Weary from work and grabbing groceries is how you meet Graveyard Keeper’s protagonist. One moment he’s pining after a loved one, awaiting his return home, and in the next the sound of a car crash causes a sudden fade to black. Perspective shifts and a mysterious shadowy figure informs our avatar that he’s “turned a page” in his life and that he can return home if he lives as a good graveyard keeper. What that means isn’t at all clear, as you’re instructed to dig up an eerily familiar-sounding assistant named Gerry for further instructions. And so begins our hero’s grim career as the lone graveyard keeper of a small, medieval village.
In the simplest of terms, Graveyard Keeper is a top-down, building and farming game, very much in the same vein as the staggeringly popular Stardew Valley or progenitor Harvest Moon series – albeit with a rather macabre twist. The main addition here is the grim job of interring corpses and ensuring that their gravesites are well kept and as prestigious as possible.
Gerry, the aforementioned assistant, is a talking skull with a lot of holes in his memory, but just enough sense left to teach you some basics. After meeting the rather righteous, politically motivated donkey that hauls bodies to your church and graveyard, you’ll be dragging his offloaded and unfortunate luggage into the morgue and dissecting it. Gerry teaches how to remove blood and fat before burying the body, in turn earning a burial certificate to sell to the local pub landlord. There’s a strange economy at work in these lands, that’s for sure.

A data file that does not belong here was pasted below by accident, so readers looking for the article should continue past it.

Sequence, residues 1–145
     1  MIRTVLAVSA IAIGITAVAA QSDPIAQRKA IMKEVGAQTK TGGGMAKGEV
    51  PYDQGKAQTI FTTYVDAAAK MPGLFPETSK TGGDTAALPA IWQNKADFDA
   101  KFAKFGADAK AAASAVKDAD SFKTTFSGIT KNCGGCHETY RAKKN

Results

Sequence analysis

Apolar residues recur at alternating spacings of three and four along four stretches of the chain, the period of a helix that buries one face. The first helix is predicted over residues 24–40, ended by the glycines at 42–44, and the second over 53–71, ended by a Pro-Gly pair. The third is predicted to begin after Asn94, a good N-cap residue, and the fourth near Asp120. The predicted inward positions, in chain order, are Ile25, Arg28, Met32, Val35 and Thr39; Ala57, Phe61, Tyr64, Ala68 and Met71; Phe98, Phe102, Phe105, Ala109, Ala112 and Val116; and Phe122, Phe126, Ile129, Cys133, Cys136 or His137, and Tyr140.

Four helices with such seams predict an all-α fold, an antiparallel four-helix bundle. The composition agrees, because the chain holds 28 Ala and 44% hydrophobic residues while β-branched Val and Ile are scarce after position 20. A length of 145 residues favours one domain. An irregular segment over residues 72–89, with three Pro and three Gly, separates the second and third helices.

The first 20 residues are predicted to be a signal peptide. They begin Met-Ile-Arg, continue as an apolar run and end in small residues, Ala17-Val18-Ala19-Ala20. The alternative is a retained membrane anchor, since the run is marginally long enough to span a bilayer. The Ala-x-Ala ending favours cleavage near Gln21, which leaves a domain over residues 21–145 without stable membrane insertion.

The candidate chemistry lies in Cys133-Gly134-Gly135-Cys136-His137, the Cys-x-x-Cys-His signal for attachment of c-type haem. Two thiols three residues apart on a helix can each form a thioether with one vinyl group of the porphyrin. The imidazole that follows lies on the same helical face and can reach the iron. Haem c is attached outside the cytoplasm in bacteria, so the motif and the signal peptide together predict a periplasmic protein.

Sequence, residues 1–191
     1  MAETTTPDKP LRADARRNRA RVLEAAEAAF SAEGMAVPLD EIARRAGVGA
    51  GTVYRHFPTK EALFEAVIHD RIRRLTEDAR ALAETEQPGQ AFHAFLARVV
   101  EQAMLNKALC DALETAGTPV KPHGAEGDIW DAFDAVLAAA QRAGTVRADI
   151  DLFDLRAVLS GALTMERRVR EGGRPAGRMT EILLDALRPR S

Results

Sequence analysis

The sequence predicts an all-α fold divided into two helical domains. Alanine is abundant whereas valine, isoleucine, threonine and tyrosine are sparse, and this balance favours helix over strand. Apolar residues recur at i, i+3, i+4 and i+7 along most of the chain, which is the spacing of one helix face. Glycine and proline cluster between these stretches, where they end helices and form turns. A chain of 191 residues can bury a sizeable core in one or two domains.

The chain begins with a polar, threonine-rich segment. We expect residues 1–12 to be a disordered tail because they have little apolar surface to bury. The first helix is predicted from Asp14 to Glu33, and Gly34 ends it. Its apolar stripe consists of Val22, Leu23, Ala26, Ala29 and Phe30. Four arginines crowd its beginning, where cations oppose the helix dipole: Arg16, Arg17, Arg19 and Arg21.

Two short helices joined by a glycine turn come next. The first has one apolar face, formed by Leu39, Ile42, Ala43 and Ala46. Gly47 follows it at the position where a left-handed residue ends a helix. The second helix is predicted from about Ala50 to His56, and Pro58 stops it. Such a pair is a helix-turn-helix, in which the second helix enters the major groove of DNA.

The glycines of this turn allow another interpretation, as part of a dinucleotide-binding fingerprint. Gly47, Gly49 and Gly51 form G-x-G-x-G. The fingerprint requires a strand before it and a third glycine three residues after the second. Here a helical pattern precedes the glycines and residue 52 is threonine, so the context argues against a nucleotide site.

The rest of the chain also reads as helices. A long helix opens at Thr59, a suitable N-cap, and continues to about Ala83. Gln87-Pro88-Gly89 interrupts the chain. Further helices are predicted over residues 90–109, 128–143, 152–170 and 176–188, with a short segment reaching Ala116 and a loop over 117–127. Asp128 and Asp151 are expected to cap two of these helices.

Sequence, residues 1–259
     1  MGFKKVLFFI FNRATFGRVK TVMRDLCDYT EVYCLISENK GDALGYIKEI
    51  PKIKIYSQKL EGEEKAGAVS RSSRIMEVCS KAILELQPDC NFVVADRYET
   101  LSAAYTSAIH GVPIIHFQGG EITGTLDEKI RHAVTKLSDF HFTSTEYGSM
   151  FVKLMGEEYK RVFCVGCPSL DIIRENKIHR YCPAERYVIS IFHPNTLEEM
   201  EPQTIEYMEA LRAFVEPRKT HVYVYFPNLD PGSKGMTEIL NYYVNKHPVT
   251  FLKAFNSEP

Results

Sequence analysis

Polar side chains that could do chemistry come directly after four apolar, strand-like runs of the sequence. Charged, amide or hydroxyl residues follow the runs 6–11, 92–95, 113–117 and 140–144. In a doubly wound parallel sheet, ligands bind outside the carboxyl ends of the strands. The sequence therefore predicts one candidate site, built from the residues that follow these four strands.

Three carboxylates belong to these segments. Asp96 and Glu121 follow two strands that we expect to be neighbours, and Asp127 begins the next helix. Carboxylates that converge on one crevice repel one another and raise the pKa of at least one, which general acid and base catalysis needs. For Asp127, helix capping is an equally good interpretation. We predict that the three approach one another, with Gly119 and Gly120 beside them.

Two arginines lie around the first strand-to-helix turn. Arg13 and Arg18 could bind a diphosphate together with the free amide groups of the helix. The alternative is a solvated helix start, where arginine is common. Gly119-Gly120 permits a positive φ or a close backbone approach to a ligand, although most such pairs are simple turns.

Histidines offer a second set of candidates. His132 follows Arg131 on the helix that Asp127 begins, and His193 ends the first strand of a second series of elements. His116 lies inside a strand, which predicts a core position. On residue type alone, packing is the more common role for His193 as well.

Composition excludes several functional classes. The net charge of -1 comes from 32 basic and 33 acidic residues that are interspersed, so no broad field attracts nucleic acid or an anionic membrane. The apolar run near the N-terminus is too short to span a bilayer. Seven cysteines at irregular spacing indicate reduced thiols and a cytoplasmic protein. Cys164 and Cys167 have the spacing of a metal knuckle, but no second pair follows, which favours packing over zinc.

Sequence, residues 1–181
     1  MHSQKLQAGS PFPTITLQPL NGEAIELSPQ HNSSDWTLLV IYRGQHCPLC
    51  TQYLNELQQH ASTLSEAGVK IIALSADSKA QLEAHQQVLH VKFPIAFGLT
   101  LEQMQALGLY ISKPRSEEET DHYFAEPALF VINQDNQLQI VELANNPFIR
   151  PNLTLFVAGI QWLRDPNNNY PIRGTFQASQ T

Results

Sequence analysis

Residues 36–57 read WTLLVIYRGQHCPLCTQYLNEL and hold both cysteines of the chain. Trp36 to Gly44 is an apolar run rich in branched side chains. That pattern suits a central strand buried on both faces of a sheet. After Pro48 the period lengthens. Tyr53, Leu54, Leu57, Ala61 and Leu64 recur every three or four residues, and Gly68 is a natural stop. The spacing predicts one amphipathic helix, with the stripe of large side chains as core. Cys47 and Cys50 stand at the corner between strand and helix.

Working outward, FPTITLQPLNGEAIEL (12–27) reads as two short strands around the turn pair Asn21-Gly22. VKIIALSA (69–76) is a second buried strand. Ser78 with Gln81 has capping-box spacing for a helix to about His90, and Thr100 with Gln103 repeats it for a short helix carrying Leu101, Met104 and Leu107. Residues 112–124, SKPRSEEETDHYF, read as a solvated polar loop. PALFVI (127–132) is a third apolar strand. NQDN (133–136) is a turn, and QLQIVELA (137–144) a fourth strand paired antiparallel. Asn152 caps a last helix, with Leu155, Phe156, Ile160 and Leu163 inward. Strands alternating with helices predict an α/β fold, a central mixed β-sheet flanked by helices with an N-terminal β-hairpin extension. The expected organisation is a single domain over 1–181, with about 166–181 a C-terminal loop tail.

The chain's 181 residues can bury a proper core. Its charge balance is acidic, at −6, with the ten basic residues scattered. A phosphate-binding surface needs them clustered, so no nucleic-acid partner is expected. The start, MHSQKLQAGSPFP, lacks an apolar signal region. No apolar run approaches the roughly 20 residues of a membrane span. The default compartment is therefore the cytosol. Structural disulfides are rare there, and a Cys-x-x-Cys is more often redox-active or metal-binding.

It’s at this point that you’re truly free to wander and find out how expansive the lands you’re trapped within are. There are a lot of locations to become familiar with, ranging from a hub-like village full of vendors and quest givers, through to dense forest, a disused quarry and even a hill upon which witches are burnt at the stake. I did mention the macabre twist, right?
The people of Graveyard Keeper are often rather grim or dour in their tone and dialogue, with an undercurrent of almost mocking snideness to their instructions. The inquisitor seems to take great pleasure in meting out his justice, just as a traveling merchant takes pride in giving you a loan and using you to make a profit with zero work. Tasks given often take quite some time too, given the often extensive crafting requirements of some items and the technology research required to begin production at all, but more on that in a moment.